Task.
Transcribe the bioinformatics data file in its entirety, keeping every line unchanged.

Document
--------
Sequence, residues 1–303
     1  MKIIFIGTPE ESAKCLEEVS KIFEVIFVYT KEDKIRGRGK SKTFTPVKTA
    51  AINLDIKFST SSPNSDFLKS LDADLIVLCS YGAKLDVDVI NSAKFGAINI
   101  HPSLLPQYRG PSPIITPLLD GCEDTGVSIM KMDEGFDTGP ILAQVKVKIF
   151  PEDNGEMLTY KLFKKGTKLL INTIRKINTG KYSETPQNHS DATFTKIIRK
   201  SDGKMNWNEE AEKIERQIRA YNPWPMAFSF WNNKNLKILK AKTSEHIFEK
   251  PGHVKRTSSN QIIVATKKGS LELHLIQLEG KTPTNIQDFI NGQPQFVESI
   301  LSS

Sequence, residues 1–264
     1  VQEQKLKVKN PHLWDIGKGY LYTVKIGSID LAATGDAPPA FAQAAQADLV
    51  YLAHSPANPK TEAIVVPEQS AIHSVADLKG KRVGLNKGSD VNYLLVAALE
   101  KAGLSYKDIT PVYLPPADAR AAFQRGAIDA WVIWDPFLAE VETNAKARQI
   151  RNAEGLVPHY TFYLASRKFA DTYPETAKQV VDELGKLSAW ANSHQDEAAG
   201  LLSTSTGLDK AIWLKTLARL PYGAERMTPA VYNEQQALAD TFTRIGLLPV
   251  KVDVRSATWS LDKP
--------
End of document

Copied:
Sequence, residues 1–303
     1  MKIIFIGTPE ESAKCLEEVS KIFEVIFVYT KEDKIRGRGK SKTFTPVKTA
    51  AINLDIKFST SSPNSDFLKS LDADLIVLCS YGAKLDVDVI NSAKFGAINI
   101  HPSLLPQYRG PSPIITPLLD GCEDTGVSIM KMDEGFDTGP ILAQVKVKIF
   151  PEDNGEMLTY KLFKKGTKLL INTIRKINTG KYSETPQNHS DATFTKIIRK
   201  SDGKMNWNEE AEKIERQIRA YNPWPMAFSF WNNKNLKILK AKTSEHIFEK
   251  PGHVKRTSSN QIIVATKKGS LELHLIQLEG KTPTNIQDFI NGQPQFVESI
   301  LSS

Sequence, residues 1–264
     1  VQEQKLKVKN PHLWDIGKGY LYTVKIGSID LAATGDAPPA FAQAAQADLV
    51  YLAHSPANPK TEAIVVPEQS AIHSVADLKG KRVGLNKGSD VNYLLVAALE
   101  KAGLSYKDIT PVYLPPADAR AAFQRGAIDA WVIWDPFLAE VETNAKARQI
   151  RNAEGLVPHY TFYLASRKFA DTYPETAKQV VDELGKLSAW ANSHQDEAAG
   201  LLSTSTGLDK AIWLKTLARL PYGAERMTPA VYNEQQALAD TFTRIGLLPV
   251  KVDVRSATWS LDKP